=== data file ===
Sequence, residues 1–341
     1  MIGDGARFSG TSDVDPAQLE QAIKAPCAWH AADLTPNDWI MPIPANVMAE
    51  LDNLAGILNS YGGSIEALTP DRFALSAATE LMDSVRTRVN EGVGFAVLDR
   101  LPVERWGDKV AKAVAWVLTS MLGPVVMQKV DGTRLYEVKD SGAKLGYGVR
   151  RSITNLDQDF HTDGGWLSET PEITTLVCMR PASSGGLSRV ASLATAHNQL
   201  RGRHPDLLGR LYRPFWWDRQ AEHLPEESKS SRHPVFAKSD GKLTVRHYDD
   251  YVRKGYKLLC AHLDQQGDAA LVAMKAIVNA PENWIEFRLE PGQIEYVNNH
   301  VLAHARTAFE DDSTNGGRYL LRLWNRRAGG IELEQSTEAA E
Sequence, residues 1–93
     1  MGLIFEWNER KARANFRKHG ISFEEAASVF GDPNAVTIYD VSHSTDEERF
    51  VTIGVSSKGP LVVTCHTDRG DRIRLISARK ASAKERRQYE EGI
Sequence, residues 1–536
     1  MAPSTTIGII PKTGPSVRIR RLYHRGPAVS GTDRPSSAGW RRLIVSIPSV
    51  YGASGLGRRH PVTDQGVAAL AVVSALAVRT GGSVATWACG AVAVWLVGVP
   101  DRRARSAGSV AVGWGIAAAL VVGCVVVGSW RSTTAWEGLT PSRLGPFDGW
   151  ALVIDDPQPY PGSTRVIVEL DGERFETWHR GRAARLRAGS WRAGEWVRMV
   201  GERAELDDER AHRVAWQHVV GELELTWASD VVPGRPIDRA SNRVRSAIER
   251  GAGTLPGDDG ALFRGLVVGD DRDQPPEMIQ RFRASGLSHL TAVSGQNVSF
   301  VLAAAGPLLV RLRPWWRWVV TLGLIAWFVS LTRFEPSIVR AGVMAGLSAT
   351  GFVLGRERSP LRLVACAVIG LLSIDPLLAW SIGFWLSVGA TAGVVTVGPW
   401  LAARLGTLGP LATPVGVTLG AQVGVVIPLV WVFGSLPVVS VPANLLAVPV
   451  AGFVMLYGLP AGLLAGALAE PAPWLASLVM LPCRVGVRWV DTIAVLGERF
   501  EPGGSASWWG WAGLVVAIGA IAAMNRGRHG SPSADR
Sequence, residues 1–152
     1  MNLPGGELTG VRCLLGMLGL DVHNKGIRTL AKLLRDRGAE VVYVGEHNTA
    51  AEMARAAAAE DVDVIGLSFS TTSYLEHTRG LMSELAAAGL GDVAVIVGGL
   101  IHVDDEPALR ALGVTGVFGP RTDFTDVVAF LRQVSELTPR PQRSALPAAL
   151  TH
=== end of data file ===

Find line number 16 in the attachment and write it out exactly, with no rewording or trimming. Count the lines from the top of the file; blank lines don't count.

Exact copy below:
   151  ALVIDDPQPY PGSTRVIVEL DGERFETWHR GRAARLRAGS WRAGEWVRMV